Thank you Heidi and Will for your advice on sculpting stands. Smile

Heidi, I really appreciate how you give all the reasons for why a stand is necessary and share your knowledge so kindly. I hope to follow your lead and help others with all that I know too. Smile

Since I plan to only buy a stand only once in a lifetime, I'll splurge and get the best! Thanks for the link. Wink

Tamara
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Tamara



Joined: 20 Oct 2005
Posts: 954
Location: Northern California

PostPosted: Thu Oct 27, 2005 9:07 am    Post subject: Reply with quote

Hi Heidi and Will,

Was able to find a website called Montoya Sculpture & Supply that had the stands for the cheapest price.

http://www.montoyasculpture.com/catalog/default.php?cPath=70

The Eldorado is $450.00 and the Hercules is $675.00

With shipping out the door I purchased the Eldorado for $503.06

Was so tempted to get the Hercules but it's really over kill for what I'll be sculpting. I don't anticipate sculpting over the 200 lb maximum of the Eldorado.

Thanks so much for your help with this! Smile

Tamara
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Will Pettee



Joined: 24 Feb 2005
Posts: 130
Location: SF Bay Area, California

PostPosted: Fri Oct 28, 2005 7:01 am    Post subject: Reply with quote

Cheaper is better! Thanks for the link and have fun with your new toy.

Will
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JerrySmith



Joined: 22 Dec 2005
Posts: 7
Location: East Texas

PostPosted: Sun Jan 15, 2006 11:02 am    Post subject: Reply with quote

Here's what I use for a sculting stand. It's cheap and not heavy duty but works for small pieces. If you have seen the shop lights on a tripod advertised you've seen what I use. I got mine for $24. I removed the lights and cut a 16x24 piece of plywood to fit on the "T" brace that held the shop lights. I have a home-made turn table on top of that. The tripod telescopes to good eye-level height. While this works for me, I must say I would prefer the stability of a professional sculpting stand. It's just not in my budget. -- Jerry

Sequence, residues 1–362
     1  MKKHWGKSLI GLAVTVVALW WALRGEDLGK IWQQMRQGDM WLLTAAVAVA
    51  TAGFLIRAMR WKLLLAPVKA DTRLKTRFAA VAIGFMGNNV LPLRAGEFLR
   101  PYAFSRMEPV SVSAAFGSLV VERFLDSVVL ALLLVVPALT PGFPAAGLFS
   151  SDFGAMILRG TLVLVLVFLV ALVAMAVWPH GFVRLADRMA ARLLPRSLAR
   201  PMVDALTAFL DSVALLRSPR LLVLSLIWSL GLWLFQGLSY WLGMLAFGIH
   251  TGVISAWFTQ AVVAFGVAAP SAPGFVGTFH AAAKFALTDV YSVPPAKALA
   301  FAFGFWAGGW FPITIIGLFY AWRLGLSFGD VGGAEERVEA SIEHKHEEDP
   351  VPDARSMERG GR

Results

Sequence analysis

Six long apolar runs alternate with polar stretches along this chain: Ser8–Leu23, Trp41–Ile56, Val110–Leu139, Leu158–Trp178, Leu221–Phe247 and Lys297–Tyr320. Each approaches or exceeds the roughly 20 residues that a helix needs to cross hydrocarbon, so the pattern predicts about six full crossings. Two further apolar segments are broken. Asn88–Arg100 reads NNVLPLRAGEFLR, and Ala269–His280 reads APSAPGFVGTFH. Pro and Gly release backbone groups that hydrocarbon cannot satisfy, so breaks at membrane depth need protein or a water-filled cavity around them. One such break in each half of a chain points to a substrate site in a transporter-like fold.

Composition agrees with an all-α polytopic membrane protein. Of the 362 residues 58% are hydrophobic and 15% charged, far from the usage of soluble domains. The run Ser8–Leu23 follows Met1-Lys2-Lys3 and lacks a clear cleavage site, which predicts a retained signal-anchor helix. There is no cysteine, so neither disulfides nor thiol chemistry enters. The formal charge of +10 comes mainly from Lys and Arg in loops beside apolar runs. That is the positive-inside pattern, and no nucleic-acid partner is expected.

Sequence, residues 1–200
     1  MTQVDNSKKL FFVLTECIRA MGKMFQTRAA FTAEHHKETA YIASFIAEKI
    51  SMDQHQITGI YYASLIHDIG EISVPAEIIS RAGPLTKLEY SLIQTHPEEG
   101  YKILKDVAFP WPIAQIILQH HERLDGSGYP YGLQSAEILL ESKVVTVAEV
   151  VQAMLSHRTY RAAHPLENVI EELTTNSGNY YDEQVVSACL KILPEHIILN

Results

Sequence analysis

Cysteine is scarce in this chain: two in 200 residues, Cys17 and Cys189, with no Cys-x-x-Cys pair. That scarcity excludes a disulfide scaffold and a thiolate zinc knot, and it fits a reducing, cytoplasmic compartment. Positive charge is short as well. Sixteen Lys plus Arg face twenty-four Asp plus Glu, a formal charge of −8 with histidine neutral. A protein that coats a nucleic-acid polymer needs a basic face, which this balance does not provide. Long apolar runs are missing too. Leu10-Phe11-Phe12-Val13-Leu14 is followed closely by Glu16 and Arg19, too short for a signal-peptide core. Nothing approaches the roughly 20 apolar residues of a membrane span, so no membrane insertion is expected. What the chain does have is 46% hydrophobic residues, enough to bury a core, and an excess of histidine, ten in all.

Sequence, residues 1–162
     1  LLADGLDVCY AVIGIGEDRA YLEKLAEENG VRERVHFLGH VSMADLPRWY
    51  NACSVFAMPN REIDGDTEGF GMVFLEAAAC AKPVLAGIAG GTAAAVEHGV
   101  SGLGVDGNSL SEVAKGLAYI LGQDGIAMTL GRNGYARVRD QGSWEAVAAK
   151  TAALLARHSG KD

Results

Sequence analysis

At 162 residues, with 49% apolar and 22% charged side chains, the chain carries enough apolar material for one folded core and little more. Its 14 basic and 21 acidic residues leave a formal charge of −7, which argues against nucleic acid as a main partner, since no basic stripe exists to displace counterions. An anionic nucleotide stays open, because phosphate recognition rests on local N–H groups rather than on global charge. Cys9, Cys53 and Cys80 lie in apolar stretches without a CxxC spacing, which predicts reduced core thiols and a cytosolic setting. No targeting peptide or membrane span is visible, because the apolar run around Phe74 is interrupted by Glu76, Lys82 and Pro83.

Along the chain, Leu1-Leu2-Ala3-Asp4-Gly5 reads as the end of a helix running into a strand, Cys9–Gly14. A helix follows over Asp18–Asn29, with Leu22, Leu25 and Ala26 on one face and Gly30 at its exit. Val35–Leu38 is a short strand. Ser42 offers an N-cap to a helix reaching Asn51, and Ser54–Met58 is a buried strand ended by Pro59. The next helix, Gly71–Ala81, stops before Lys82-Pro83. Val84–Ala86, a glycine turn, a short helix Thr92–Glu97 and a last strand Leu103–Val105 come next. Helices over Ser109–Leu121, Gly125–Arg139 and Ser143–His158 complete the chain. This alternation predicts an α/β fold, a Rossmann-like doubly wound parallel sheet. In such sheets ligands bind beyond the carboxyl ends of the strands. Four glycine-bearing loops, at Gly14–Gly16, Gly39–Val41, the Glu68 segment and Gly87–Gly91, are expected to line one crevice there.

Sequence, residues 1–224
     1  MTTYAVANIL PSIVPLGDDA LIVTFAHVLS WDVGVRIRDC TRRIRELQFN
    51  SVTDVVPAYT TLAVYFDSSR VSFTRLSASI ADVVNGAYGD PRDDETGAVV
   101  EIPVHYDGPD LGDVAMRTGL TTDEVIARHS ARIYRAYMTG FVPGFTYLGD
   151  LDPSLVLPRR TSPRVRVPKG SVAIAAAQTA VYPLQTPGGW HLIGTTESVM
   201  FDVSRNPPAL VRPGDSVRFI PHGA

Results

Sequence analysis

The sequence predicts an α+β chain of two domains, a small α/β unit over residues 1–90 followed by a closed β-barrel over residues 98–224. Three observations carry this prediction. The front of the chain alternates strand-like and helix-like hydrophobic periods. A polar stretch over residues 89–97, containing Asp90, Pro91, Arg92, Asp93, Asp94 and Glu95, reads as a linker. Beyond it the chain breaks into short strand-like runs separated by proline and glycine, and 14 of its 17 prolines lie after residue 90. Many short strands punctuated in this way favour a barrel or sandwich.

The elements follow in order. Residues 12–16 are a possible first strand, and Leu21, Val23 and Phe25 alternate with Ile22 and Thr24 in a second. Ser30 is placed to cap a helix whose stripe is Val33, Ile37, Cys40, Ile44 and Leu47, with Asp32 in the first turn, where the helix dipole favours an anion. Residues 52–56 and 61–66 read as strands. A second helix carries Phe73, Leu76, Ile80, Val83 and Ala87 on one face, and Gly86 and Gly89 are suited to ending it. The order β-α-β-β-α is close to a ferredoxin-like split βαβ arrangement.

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Katherine Dewey



Joined: 08 Oct 2005
Posts: 23
Location: Maxwell, Texas

PostPosted: Sat Jul 01, 2006 4:25 pm    Post subject: Reply with quote

Yet another inexpensive stand is available through Phillipe Farault. I've used it in a classroom situation and it worked well for me, as I'm the one moving about and not the stand.

http://pcfstudios.com/sculptingaids.html
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John



Joined: 04 Apr 2008
Posts: 13
Location: Asia

PostPosted: Sat Apr 05, 2008 6:37 am    Post subject: Reply with quote

I dig out this old thread to explain what I make-do for a sculpting stand. It is a sturdy kitchen table with two wheels sold by Ikea. On top I put a large ball bearing turntable used as base for round dining table lazy susan.

If I need the stand to be higher, I just put a short stool on top of the ikea table. To work, I sit on a bar stool, not a chair unless the sculpting is low down.

I have sculpted relatively large clay models on this arrangement, say 30 x 30 in, but not tall ones. I just put the clay model on top of a plywood board which sits on top of the turntable. The two wheels of the kitchen table are ideal for moving this relatively large clay model arround. I just lift the other end of the table and push or pull it.

I am sorry I cannot post my pictures. The images are still in my computer, and do not have URLs.